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Summer sun – Friend or foe?

For most of us, this is the time of year we get the most exposure to sunlight, which comes with pros and cons.

As with all things healthy living, getting a healthy sun intake is just a balancing act between preventing overexposure to harmful ultraviolet (UV) rays, which increase the risk of sunburn, premature ageing, and skin cancer while, at the same time, maximising the beneficial aspects of sunlight that influence levels of vitamin D and enhance mood, energy, and sleep.

Your body makes Vitamin D when your skin is exposed to UVB rays. Around one fifth of UK adults may be deficient in the ‘sunshine’ vitamin. A lack of vitamin D is associated with depression, bone fractures, hypertension, autoimmune diseases and cancer – and too little sun exposure is the biggest reason why levels are low.

We can also get serotonin from the sun, which is believed to help regulate mood and social behaviour, appetite and digestion as well as sleep and memory, but that’s not the only role the sun plays in our health.

Recent research from Edinburgh University reports that the skin contains large amounts of nitric oxide, a compound that dilates blood vessels to reduce blood pressure and lower the risk of heart attack and stroke.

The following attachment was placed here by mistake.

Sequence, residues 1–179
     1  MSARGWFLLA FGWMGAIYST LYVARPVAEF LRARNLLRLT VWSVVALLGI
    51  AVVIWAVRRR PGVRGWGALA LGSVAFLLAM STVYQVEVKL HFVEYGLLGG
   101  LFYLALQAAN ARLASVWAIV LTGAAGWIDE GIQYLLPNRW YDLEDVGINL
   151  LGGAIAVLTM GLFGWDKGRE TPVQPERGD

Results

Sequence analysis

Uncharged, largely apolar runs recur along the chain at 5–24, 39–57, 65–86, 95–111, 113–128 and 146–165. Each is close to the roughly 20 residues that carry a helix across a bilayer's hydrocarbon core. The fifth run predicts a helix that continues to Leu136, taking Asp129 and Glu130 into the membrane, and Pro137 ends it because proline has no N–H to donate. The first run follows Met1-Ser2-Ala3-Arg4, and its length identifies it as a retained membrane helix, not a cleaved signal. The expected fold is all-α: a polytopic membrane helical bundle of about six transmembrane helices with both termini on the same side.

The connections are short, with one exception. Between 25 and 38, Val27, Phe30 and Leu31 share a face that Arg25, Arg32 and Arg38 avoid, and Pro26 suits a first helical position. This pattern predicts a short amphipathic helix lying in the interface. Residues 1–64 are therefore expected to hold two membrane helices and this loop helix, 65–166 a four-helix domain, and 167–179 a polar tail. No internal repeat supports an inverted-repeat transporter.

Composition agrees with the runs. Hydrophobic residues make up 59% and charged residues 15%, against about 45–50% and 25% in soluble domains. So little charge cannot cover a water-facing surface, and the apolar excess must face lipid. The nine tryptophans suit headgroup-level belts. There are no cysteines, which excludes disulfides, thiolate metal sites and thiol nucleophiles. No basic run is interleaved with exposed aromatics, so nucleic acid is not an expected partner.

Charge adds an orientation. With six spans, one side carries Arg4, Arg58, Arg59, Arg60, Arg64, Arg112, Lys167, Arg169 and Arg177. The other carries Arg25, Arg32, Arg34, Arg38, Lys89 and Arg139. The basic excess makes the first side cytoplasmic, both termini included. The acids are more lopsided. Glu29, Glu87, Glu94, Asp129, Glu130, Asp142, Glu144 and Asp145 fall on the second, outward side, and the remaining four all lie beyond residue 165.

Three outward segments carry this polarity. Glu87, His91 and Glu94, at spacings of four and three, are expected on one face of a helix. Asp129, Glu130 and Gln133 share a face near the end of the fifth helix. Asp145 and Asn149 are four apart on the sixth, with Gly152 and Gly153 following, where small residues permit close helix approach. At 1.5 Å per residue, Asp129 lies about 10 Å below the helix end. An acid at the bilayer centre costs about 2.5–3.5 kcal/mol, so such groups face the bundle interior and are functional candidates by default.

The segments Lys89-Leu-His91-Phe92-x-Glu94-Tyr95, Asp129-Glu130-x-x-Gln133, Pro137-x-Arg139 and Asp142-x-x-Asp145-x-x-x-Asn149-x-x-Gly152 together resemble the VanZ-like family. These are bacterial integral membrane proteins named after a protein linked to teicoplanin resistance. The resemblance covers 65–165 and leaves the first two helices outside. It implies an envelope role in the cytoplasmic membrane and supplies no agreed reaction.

Brief, repeated exposures to sunlight is ideal to get the benefits without the damaging effects. Those spending more time outdoors should take precautions by wearing a high sun protection factor SPF cream.

How to safely enjoy summer sunlight

  • Use a mineral-based sunscreen and/or UPF-rated clothing to protect yourself at all times

  • Use UV-blocking sunglasses to protect your eyes from brief unprotected eye exposures

  • Consume antioxidant-rich foods such as turmeric, artichoke, deeply pigmented fruits (such as purple or red grapes, blueberries), celery, parsley, and dark chocolate to help protect against skin cancer. What a great excuse to eat chocolate!

  • No matter how careful you are, check your body for new or changing moles every month, and visit a dermatologist once a year or more (depending on your personal risk level) for a skin-cancer screening

  • If you are concerned ask your doctor to check your level of vitamin D. If you are deficient, take a supplement of vitamin D3



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